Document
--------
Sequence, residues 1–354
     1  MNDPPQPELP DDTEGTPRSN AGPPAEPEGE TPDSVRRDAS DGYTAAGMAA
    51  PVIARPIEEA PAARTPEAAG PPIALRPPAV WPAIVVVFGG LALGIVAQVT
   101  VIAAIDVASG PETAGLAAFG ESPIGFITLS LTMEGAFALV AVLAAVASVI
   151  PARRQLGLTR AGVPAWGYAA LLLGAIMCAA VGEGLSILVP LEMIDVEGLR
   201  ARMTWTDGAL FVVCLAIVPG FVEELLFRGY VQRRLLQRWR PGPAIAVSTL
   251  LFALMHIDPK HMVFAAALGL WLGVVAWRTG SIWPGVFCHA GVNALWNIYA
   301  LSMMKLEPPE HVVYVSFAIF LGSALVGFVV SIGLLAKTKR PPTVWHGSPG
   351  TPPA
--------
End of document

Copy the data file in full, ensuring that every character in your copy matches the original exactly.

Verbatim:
Sequence, residues 1–354
     1  MNDPPQPELP DDTEGTPRSN AGPPAEPEGE TPDSVRRDAS DGYTAAGMAA
    51  PVIARPIEEA PAARTPEAAG PPIALRPPAV WPAIVVVFGG LALGIVAQVT
   101  VIAAIDVASG PETAGLAAFG ESPIGFITLS LTMEGAFALV AVLAAVASVI
   151  PARRQLGLTR AGVPAWGYAA LLLGAIMCAA VGEGLSILVP LEMIDVEGLR
   201  ARMTWTDGAL FVVCLAIVPG FVEELLFRGY VQRRLLQRWR PGPAIAVSTL
   251  LFALMHIDPK HMVFAAALGL WLGVVAWRTG SIWPGVFCHA GVNALWNIYA
   301  LSMMKLEPPE HVVYVSFAIF LGSALVGFVV SIGLLAKTKR PPTVWHGSPG
   351  TPPA